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Tips to Fight Obesity Using Proper Portion Sizes

Americans are overweight. Research shows than more than sixty percent of Americans weigh more than they should. The U.S. Surgeon General has even called obesity a national epidemic. Fueled by a number of factors, one of obesity’s main contributors is portion size.

It’s not hard to see that portion sizes are growing in this country. “Extra large,” “supersize,” and “value meals” are prominently marked on menus aimed to save you and your family money, but not inches on your waistlines. In restaurants and at home, servings are often double or triple the recommended amount of food. This is largely due to the fact that most Americans overestimate portion sizes.

Eating the right portions size is the key to helping you and your family maintain a healthy weight. The following are tips to help you in your homes or on the go:

• Read food labels. Knowing how many servings are in a particular food is an important step in making healthy nutrition choices.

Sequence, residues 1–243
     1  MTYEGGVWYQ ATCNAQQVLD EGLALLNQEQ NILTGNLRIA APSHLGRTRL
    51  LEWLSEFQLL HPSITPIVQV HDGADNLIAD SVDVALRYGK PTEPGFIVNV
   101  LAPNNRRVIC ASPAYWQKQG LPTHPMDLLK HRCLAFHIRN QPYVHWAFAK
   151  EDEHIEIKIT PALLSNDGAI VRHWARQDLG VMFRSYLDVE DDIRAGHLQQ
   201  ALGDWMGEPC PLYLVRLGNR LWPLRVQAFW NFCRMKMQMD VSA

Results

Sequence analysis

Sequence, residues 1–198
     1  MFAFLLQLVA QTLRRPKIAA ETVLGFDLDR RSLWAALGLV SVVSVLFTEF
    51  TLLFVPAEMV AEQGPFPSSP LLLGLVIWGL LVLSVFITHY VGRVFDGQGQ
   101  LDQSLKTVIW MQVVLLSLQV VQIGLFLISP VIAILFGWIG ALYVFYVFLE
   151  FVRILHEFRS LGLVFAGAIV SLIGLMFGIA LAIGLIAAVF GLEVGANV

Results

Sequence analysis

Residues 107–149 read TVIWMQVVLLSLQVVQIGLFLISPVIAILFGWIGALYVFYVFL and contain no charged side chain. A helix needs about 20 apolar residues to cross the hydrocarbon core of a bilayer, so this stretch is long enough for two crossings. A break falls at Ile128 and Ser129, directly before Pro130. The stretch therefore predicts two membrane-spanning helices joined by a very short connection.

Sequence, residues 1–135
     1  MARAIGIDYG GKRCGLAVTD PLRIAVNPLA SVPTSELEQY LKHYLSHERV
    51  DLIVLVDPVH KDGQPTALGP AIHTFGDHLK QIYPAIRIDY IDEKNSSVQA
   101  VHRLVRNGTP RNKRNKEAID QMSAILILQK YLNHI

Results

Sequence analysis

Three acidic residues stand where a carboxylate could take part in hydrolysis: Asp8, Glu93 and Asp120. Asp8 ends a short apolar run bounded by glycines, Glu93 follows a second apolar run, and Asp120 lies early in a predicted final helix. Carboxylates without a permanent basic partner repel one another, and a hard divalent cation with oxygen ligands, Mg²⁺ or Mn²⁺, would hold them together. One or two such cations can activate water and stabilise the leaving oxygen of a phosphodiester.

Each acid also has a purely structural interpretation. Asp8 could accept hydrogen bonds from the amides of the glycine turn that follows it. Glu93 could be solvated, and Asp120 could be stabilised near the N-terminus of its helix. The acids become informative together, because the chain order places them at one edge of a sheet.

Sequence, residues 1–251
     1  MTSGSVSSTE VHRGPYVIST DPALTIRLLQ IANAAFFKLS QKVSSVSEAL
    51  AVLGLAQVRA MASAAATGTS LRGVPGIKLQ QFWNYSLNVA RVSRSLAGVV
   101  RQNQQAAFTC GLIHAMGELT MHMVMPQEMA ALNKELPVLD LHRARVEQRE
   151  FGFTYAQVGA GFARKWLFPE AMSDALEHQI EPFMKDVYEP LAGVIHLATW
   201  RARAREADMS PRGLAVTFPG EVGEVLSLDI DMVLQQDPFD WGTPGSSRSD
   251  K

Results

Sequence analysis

• Know common portion sizes. Some foods like fresh fruits and vegetables don’t come with food labels. In that case, comparing a serving to a common object can help you visualize the right amount of food to eat. Some common serving comparisons include:
o Deck of cards = one serving of meat
o Light bulb = one serving of raw vegetables
o Tennis ball = one serving of fresh fruit
o Small can of tuna = one serving of a bagel or roll
o 2 AA Batteries = one serving of cheese

• Find out how many servings you and your children need. Visit the USDA’s MyPyramid Plan http://www.mypyramid.gov/mypyramid/index.aspx to see how many calories and servings of each food group you need daily. Your number of servings will depend on age, height, weight, and activity level.

• Purchase pre-packaged one serving snacks. Buy small bags of your favorite snacks and then eat just one.

• Split a meal at a restaurant. Share your meal with a friend or box up half for another time.

• Use smaller plates and serving utensils during meals. Studies show that people will eat smaller portions when the serving spoons and plates are smaller.

• Eat more fruits and vegetables. Eating more fruits and vegetables means you’ll probably have less room for foods higher in fat and calories.

• Don’t deprive yourself. Eat the foods you enjoy, just watch your serving size.

The above information is based on the Avoid Portion Distortion PowerPoint and other Learning ZoneXpress products.

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